I was so crazy stupid happy. I met a boy. A great, sweet, gorgeous, cool-ass guy.
I’ve spent three weekends together with him; this Saturday will be the fourth. But we’re not gonna make it to the fifth as I’m leaving Sydney for good.
You didn’t just misread that. Yes, I decided to move elsewhere after being here only for 6 weeks, way sooner than I planned. Why? Because things don’t go as expected. Just like Melbourne, living in Sydney doesn’t really work out for me.
Don’t get me wrong, it’s still pretty as fuck. From my traveling perspective, Sydney is still my most favorite city in the world. And Melbourne is still a very chic city I’ll always want to go back. But it’s different when you have to make a life and a living there.
Last year in Melbourne I was lonely. And underpaid. Both my social & working life didn’t go well, plus all adaptation shit & cultural shock I had to deal with. I met countless new people on my first month in Australia. However, all of them had no intention to make new friends, especially because I’d gonna be in Australia for one year only. They preferred to stick with their old friends and ignore my existence. And my shitty Indian boss, he paid me below the minimum wage. It was also impossible to find a better job, hence I had no more reason to stay there although at the moment I was seeing a real good man.
Now in Sydney the same loneliness strikes again, even worse than in Melbourne. In Melbourne at least I could have some good conversations with the people, but not here in Sydney. Because the people don’t really speak English. I’m not shitting you, it’s serious.
I used to work at a café in the city for a week. Beside the small pay, I left that job also because it’s fucking hard to speak with my fellow waiters (they’re from Japan, South Korea, and Taiwan), both professionally and personally. Even the girl from South Korea has been in Sydney for half a decade, she’s an Australian citizen now. When we gave instruction to each other, I had to struggle. And I work not only to earn cash, but also to make friends. But it’s impossible to make friends with people who don’t even know what you’re talking about.
I got hired by a hotel’s housekeeping team. At first I thought, “Hey they have 20+ room attendants, I bet at least half of them can speak English.” But no, I was wrong. They’re even worse than my coworkers at the café. They’re mostly from Thailand, China, France, Spain, and Chile. I actually don’t want to judge people by their English ability, but frankly it kills me. On our break or after work, I had zero conversation with them. Chance to make friends = zero.
I live with five other people in my flat. They’re very nice, but it’s also difficult to get myself close to them as three of them start working at 5 am in the morning (hence they must go to bed verryyy early), and the other two work night shift. So basically when I get home around 7 pm, I can only say “hi” to my friends who are going to bed soon, and “see you” to those who are off to work. They stay at home on Sundays, but I don’t.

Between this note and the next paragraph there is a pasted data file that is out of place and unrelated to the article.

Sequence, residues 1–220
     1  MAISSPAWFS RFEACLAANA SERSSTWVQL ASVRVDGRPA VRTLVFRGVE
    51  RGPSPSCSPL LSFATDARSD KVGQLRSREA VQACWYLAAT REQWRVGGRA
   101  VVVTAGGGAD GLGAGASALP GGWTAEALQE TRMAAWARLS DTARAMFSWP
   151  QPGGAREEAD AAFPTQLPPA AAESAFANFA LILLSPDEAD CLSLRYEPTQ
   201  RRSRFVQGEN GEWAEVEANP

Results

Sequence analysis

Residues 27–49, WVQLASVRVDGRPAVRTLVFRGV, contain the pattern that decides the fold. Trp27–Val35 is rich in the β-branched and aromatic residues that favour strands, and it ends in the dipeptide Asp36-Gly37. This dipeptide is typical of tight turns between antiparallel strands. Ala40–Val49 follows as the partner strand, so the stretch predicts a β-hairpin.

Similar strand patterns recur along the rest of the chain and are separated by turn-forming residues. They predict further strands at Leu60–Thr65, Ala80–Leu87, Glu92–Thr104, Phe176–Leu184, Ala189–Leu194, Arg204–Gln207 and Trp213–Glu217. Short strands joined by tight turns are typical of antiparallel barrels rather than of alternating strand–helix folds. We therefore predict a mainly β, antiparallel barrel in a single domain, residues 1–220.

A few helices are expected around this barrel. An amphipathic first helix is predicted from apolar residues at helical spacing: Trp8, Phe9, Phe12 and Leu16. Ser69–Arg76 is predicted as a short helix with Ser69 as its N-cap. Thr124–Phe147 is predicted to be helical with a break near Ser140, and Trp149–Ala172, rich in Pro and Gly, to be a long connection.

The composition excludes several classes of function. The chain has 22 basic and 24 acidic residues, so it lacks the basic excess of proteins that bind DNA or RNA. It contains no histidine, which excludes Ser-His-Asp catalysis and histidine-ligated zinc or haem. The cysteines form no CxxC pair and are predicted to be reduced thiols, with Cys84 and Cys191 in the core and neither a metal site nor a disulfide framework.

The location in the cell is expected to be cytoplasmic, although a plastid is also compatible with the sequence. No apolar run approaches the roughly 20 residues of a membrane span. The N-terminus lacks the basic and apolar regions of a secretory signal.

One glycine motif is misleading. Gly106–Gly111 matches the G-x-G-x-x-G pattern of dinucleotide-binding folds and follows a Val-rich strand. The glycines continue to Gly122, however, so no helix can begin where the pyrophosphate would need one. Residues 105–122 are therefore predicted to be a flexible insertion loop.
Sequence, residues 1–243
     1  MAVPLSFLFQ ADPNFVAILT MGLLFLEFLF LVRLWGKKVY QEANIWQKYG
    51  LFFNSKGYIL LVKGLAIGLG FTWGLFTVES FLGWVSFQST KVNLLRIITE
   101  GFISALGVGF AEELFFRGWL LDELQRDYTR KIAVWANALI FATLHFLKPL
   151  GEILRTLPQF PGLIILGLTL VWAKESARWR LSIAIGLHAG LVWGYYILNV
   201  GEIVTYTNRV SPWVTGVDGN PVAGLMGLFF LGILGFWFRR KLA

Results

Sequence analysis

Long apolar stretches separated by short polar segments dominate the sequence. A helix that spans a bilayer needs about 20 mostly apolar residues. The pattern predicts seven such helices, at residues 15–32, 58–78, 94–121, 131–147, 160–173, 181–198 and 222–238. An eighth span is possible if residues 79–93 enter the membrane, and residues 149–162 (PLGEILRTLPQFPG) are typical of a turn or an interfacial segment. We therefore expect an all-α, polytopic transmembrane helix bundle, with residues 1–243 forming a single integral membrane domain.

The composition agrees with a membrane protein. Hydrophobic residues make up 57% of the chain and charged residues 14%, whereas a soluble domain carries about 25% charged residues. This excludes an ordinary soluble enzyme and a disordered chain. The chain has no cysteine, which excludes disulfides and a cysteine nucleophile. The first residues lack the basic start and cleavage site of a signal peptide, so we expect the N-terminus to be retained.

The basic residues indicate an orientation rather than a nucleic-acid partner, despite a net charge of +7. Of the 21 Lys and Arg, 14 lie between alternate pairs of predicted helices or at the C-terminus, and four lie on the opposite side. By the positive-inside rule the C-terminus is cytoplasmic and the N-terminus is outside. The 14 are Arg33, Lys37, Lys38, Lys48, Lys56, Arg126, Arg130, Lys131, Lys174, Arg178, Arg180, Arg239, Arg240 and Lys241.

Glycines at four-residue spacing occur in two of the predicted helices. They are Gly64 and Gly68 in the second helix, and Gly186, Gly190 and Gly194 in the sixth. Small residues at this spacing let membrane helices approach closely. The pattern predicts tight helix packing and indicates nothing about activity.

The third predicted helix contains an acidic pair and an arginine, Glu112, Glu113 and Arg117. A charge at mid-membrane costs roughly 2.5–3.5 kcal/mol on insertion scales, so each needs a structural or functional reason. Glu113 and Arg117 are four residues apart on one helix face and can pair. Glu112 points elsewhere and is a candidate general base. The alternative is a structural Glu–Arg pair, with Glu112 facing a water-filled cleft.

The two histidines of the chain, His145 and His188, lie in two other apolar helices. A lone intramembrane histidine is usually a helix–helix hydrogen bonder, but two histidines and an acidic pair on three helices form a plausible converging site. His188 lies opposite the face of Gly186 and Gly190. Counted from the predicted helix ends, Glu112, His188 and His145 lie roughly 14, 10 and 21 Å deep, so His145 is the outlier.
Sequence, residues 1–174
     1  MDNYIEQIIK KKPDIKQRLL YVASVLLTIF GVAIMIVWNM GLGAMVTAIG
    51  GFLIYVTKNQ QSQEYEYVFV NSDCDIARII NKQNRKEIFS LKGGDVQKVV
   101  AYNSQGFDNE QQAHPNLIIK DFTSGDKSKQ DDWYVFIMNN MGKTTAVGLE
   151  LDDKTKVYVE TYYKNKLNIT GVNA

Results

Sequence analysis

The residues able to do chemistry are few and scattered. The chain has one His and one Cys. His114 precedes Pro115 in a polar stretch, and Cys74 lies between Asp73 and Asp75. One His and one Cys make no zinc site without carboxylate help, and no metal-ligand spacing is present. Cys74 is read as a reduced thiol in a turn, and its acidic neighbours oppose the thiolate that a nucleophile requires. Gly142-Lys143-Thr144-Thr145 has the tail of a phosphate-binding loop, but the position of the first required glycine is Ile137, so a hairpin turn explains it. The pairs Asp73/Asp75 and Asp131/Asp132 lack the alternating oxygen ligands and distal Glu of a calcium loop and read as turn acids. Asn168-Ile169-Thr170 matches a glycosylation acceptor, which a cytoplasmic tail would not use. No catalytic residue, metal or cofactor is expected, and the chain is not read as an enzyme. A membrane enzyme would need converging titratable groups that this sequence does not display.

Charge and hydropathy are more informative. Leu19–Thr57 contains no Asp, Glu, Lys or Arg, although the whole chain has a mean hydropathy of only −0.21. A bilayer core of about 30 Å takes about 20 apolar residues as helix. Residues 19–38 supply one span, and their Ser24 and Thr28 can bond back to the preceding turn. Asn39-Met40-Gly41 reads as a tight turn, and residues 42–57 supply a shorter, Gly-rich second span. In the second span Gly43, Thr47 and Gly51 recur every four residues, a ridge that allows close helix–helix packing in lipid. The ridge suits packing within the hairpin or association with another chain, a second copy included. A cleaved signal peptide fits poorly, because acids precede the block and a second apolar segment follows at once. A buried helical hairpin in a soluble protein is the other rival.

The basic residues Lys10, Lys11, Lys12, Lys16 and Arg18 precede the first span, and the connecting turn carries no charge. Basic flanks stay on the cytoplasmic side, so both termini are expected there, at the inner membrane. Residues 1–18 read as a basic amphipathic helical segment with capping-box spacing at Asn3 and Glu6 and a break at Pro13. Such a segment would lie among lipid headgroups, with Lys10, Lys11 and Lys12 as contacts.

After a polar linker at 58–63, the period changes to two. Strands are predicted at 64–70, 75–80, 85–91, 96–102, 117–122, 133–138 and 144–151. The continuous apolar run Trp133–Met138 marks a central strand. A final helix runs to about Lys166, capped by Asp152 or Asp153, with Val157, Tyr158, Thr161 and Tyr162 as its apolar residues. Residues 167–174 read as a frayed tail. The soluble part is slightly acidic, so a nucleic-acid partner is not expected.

So yeah, it gets lonely. The fascinating city turns to be boring as I can’t speak to anyone. I only have one friend, a high school mate, who’s been living in Sydney for 11 years. She works at a takeaway coffee shop in the University of Sydney. Sometimes I visit her if I have my afternoon off, but of course I can’t do it everyday. I can’t hangout with only one person until the next five months.
And speaking about the boy I mentioned in the beginning of this article, he’s not a Sydneysider. He lives in a small town two hours from Sydney, therefore I can only see him once a week when he’s not busy. That’s also not enough for me. But I had to think twice before hunting for another job in other cities, because a part of me doesn’t want to leave him.
Based on my experience, small towns are friendlier than big cities. It was so easy to make friends with people in small towns because: 1) they’re all Australians who speak English (although the accent is weird), and 2) they’re more open to new people coming to the town. I made good friends in Cowes (Phillip Island), Launceston (Tasmania), and even when I lived in a rural farming town in Queensland. Aannndddd… small towns pay better too. When I was in Queensland I earned twice than what I earn in Sydney right now, with less working hours!
Last weekend, the God of Luck played his magic wand on me. After sending my resume & alcohol serving certification and doing a phone interview, I got a new job! It’s a very well-paid job (in fact, the highest-paid job in my life!) as a kitchen hand & bar staff at a roadhouse*) in a small mining town in the north of Perth. Yup, I’m moving to Western Australia next week! The better news: they provide cheap accommodation & meals for the staffs. That means my chance to make friends with fellow staffs is higher (I have made sure, they speak English), and I can save up more money for my big plan after leaving Australia at the end of this year!
So now I reallyyy hope this new place will work just fine for me. I’m excited to embark on a new journey. Adiós, Sydney!
*) in case you’re not familiar with roadhouse, it’s like a rest area by the highway. Truck drivers and road travelers go there to refuel their car at the gas station, eat/drink at the restaurant/bar, or take a rest at the motel room.